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3 Ways to Use Jet Lag to Your Advantage

There’s something exciting about crossing multiple time zones. You can’t help but try to count how many hours you’re saving or feel like you’ve been propelled into the future, and think about what everyone else is doing back home.

A not-so-fun part of this part of travel is jet lag. This disorder affects people when they cross time zones and can’t sleep when they get there.

Jet lag occurs because of the circadian rhythms in your body that tell you when it’s time to sleep. It can take a few days before these signals adjust to the new time zone.

In the meantime, you’re dealing with the symptoms of this jet lag, plus tossing and turning all night. But if you’re going to be awake anyway, why not use this to your advantage?

1. Pre-Set Your New Schedule

Most of us don’t travel across countries without a little warning. You can use this heads-up to prepare for your time change and reduce the severity of jet lag with small adjustments in your schedule.

A few days before you know you’re heading out on your trip, start adapting your sleep cycle to go to bed and get up earlier or later, depending on which way your time zone change is.

So, if you live in Eastern Time (ET) and you’re heading to Pacific Time (PT), you have a three-hour change backward. You’re going to be staying up later and getting up later than you’re used to. Slowly start making this adjustment while you’re in ET, and it will be easier to transition into PT when you get there.

2. Use the Extra Time Productively

When you try to put yourself to bed at your “normal bedtime,” you end up laying in bed stressing about the time you’re wasting. This inability to sleep is your body telling you it’s not ready to rest yet. You could be doing other things to be productive instead.

Remember all the times you wished you had a few extra hours in your day? This is your opportunity to make that wish come true.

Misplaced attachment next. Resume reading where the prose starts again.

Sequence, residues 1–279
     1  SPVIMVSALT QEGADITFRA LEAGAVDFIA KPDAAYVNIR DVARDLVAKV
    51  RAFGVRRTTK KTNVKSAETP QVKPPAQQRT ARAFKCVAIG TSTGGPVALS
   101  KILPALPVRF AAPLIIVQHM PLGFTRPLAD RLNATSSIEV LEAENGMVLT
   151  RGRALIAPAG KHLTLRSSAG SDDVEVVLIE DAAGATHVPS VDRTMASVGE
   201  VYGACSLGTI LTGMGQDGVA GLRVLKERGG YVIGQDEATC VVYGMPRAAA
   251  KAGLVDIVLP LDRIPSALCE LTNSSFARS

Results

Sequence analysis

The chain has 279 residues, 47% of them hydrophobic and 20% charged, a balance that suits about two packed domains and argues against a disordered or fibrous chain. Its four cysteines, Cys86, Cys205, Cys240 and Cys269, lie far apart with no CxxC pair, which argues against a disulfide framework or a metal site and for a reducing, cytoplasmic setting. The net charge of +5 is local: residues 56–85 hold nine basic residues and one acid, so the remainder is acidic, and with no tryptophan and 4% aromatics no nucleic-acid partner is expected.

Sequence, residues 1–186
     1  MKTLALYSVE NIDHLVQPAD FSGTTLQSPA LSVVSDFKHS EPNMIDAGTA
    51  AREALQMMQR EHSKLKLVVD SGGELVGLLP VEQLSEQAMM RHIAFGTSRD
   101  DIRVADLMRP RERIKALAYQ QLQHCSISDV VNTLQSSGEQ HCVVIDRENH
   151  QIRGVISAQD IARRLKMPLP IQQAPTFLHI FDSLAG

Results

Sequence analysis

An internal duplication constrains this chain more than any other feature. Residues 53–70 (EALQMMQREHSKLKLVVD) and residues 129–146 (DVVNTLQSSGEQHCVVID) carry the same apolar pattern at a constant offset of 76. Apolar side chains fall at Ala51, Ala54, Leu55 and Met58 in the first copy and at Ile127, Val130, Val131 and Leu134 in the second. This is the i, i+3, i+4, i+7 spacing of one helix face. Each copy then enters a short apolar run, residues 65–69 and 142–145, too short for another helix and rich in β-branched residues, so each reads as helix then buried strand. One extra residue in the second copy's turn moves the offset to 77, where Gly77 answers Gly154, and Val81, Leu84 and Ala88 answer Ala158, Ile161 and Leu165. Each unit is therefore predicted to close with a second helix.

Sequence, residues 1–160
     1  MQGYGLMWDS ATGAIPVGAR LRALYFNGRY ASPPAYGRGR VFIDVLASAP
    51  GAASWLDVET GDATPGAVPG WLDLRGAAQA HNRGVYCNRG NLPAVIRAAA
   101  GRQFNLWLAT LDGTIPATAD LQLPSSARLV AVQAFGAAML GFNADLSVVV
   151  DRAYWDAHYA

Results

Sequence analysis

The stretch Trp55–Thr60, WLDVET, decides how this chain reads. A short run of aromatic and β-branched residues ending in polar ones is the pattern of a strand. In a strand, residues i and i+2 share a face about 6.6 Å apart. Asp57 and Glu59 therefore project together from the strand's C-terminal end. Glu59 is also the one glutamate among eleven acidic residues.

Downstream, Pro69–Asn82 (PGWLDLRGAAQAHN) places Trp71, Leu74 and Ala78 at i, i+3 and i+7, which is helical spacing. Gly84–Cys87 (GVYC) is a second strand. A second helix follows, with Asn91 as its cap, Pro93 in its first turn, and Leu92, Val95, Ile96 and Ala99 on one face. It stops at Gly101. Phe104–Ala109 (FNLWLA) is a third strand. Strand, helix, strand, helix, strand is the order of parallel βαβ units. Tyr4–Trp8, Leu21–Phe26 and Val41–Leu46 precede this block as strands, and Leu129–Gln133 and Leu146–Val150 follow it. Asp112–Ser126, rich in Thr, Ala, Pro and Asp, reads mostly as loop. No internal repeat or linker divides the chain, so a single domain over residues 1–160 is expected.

What do you need to do for yourself that you rarely have time for?

For example, if you’ve been hoping to start an exercise regimen, and you’re in a hotel with a fitness center or morning workout classes, check them out. If you are going to be at the hotel longer than a day or two, you have time to get this new habit cemented into your daily routine.

Catch up on reading that long list of books you’ve put off, get your email inbox organized, or do any of those myriad tasks you know you need to do but never seem to have room in your day for. Now you have time until the jet lag wears off. Take advantage of it!

3. Clear Your Head

Can you remember the last time you had hours in front of you to do absolutely nothing? In today’s busy world full of non-stop hustle and bustle, most of us don’t get this valuable treasure.

Yes, that’s what free time is: a treasure. How are you spending yours?

You could catch up on your to-do list, but that’s always going to be there. Sometimes, rather than continuing to run in circles, we need to stop for a while and clear our heads.

This extra time you’re spending dealing with jet lag could also include symptoms like nausea, headache, and stomach issues. If so, you probably don’t feel like being productive. That’s okay, too. You can “productively” do nothing by sitting quietly and resting your mind, body, and soul.

It’s not an exaggeration to say that millions of people don’t know how to do nothing. We’re so used to having something to keep us occupied, like our phone or TV, that sitting in the silence can be, well, a bit stressful.

Try it, though. Find a quiet, comfortable place to sit outside or in the dark in your room, and try not to think about anything. If you need a little help, use a meditation app, like Headspace or Calm.

Give yourself at least 15 minutes to do absolutely nothing. The first five minutes or so will be spent chasing your thoughts around, but soon, you’ll be hooked on the silence and peace that comes with this time. And when you do go back to your normal schedule, you’ll have a refreshed mind ready to tackle your to-dos.

Conclusion

Jet lag doesn’t always happen, but when it does, it can be the reset button you’ve needed in your routine. Don’t stress about it — use it to your advantage with these three tips.

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